Also, because diesel engines have more muscle the gearing can be raised, which means that on a motorway journey the engine is turning more slowly so it’s using less fuel and the cruising is more relaxed. Diesel engines don’t rev as high as petrol units and they don’t sound as nice (not sure that is still the case – diesel engines as quiet as petrol now), but for anybody whose car is merely transport (and that’s most of us), a diesel will fit the bill quite nicely.


This is why many people are shying away from diesel; they don’t know what restrictions might be imposed on them in the future. As local authorities queue up to charge car owners more to park or to enter cities, the fear is that by opting for a diesel car the costs might spiral. However, the focus of these restrictions so far seems to be pre-Euro 4 petrol cars and pre-Euro 6 diesels, so any new car should remain unaffected by restrictions. But there are no guarantees…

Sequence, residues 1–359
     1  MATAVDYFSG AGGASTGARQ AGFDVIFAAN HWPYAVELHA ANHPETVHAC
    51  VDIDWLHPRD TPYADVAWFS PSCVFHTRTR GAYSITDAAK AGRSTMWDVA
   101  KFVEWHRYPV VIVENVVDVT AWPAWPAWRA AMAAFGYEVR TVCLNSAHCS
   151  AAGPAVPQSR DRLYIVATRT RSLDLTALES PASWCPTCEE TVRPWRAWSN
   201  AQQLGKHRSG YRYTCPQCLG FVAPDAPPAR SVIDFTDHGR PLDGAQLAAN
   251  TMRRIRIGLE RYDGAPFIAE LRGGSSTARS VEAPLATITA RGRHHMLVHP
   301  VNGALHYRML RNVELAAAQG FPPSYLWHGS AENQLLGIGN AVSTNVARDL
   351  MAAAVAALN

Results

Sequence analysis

So – should you buy a new diesel car? From a running costs point of view you should still be quids in and from an environmental point of view it’s the same. The unknown is the restrictions that might be brought in. However, pre-Euro 6 cars are the ones most likely to be targeted, so when it comes to buying a new car, in many cases opting for diesel can still make a lot of sense.

Richard Dredge

July 2019